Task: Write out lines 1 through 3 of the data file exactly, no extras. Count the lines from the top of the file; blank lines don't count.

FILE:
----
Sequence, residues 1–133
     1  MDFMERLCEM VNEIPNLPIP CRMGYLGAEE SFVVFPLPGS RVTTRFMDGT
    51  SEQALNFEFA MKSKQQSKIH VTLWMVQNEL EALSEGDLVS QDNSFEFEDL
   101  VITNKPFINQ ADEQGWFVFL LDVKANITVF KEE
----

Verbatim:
Sequence, residues 1–133
     1  MDFMERLCEM VNEIPNLPIP CRMGYLGAEE SFVVFPLPGS RVTTRFMDGT
    51  SEQALNFEFA MKSKQQSKIH VTLWMVQNEL EALSEGDLVS QDNSFEFEDL